Replace Your WordPress Files

Installing WordPress manually involves uploading files from your computer to the web server. While it might work to simply upload the files and replace the existing files, glitches in the Internet connection could result in partially uploaded files or file uploading errors. It is highly recommended that you manually delete the files before uploading to ensure a better chance at a clean upload, thus a clean update.

Ensure you protect and do not change the wp-config.php or .htaccess file and other files necessary for your site to function beyond WordPress files.

  1. Delete the old wp-includes and wp-admin directories on your web host using an FTP client or Shell access.
  2. Upload the new wp-includes folder and wp-admin. (Do not delete your existing wp-content folder, and only delete directories that you are going to replace.)
  3. Upload any remaining loose files from the root directory of the new version to your existing WordPress root directory, protecting the wp-config.php, .htaccess, and other critical files not part of WordPress.

Run the Update

In a web browser, enter the address of the site followed by update.php such as http://example.com/wp-admin/update.php. This will run the update for WordPress to ensure any modifications to the database is complete.

Go to WP-Admin > Plugins to reactivate WordPress Plugins if you deactivated them.

If you have problems logging in, try clearing your cookies.

If your old site is still showing and you have caching enabled, you may need to clear the site cache.

If for any reason you can’t figure out how to complete your installation please view the WordPress Codex page for the extended upgrade instructions.

You can also restore your backup and replace the WordPress source files from your old version by visiting the release archive.

For More Information on Manually Installing WordPress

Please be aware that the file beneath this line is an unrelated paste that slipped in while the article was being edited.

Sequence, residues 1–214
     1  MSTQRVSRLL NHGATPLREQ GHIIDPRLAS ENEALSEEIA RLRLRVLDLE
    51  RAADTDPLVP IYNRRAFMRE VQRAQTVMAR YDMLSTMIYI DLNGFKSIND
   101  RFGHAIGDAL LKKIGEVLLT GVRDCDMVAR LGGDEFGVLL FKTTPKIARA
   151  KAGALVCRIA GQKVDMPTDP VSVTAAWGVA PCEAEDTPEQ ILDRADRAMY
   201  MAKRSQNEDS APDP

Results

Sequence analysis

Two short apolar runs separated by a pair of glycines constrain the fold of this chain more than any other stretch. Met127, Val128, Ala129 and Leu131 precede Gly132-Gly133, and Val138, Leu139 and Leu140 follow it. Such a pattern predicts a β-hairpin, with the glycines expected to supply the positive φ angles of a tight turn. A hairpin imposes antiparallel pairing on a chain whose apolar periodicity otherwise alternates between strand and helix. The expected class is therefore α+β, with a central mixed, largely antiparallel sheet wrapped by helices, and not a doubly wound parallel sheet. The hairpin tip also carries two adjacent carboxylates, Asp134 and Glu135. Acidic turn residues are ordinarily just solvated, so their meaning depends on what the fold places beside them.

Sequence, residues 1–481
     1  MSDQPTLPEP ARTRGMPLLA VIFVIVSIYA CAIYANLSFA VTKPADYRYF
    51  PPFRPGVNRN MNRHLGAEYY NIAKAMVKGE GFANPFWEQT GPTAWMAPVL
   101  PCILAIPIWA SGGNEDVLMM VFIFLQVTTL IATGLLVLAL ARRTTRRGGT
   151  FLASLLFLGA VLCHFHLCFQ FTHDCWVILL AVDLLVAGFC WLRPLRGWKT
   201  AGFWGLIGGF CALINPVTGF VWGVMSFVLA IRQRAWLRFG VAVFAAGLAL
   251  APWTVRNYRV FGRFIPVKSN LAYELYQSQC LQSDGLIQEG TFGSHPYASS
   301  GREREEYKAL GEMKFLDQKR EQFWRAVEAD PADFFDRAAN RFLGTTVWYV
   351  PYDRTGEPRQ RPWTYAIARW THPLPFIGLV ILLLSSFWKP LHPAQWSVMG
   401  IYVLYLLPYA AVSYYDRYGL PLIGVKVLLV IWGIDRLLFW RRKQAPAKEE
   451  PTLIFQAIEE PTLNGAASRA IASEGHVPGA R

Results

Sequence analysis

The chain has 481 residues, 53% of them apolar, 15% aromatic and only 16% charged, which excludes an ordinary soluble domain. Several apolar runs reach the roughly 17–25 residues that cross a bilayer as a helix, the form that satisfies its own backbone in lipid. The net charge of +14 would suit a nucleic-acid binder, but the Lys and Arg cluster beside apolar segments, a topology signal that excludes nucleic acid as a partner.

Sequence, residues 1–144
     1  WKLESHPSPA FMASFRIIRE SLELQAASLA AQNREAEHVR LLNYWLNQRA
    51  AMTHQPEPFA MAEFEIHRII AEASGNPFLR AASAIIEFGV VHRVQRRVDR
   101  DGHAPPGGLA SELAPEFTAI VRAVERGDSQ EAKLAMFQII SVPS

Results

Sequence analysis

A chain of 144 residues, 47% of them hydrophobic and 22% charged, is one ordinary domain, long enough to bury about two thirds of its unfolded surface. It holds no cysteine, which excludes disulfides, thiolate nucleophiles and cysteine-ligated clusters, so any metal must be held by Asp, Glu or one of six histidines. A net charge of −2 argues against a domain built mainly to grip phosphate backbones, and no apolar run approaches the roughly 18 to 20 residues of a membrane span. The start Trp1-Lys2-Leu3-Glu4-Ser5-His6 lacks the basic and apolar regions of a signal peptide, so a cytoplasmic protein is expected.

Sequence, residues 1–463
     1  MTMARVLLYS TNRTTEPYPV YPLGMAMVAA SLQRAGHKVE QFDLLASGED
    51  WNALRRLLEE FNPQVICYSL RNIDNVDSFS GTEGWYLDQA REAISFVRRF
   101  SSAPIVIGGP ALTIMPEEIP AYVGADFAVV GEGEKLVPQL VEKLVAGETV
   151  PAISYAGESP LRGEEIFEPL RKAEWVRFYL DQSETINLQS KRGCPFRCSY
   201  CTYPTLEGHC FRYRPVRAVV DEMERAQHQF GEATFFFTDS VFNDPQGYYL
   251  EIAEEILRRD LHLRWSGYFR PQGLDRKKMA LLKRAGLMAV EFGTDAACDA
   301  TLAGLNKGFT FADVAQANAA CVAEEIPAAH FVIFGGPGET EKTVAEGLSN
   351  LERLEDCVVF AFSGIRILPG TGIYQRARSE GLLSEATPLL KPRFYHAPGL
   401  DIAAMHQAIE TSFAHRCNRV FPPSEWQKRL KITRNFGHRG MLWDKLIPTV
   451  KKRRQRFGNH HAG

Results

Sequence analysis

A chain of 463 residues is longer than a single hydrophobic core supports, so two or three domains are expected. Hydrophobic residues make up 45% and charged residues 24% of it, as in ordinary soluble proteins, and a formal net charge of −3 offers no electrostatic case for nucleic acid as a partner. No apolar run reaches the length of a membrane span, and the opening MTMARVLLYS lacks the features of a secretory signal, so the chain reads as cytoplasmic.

Tutorial: How to Change Your WordPress Slug

Slugs are used in the permalink structure and are created by default in WordPress. If you do not choose to define the slug, it will be automatically generated using the title of the post or page, separating each word using hyphens. While the auto-generated permalink may contain some key words, WordPress has given the user the ability to set the slug to contain the most optimized key words. The following tutorial will show you how to edit your slug in WordPress.

Go to Site Backend

Click All Posts or Pages as seen in the new interface or run your mouse over the Page or Post icon and click All Posts or All Pages as seen as the WP–Admin. All images in this tutorial will feature these two examples in the same order.

Screen shot of WordPress backpage highlighting the icon

Screen shot of WordPress backpage highlighting the icon

Select the Post or Page You Want to Edit

Here you will simply click Edit as seen in the first image or click Edit from the drop down box as seen in the second image.

This is a screenshot of selecting

 This is a screenshot of selecting

Edit the Slug

In the new WordPress interface you can simply edit the slug or click edit as seen in the second screenshot.

This is a screenshot of the slug closeup on your backpage.

This is a screenshot of where to edit your slug.

Slug Maximized

After you have edited your slug don’t forget to click on Update for your entire Post or Page.

This is a screenshot of the Update button on your Page or Post editor.

For More Information on WordPress Slugs

Forms: The Real Connection to the User

A form allows a user to enter data that is sent to a server for processing.
Wikipedia

Forms on WordPress have the same limitations that an HTML form has. Granted, WordPress comes with a built-in form-making tool to make a contact form, and a tutorial for how to use that can be found in the “More Information” section below, but that’s not what I’ll be talking about.

WordPress also has numerous Plugins that allow you to utilize a tool for creating custom forms, or you could create your own with some HTML. If you just install a Plugin, the creation process is dictated by that specific Plugin, so in this tutorial I’ll be talking about making forms with raw HTML.

What Can a Form do?

A form consists of a number of varying input types, that you supply to the user, in hopes of receiving feedback. There are 23 different input types, along with the “select” element for creating a drop-down list. The full list of input types can be found on an HTML input tutorial page.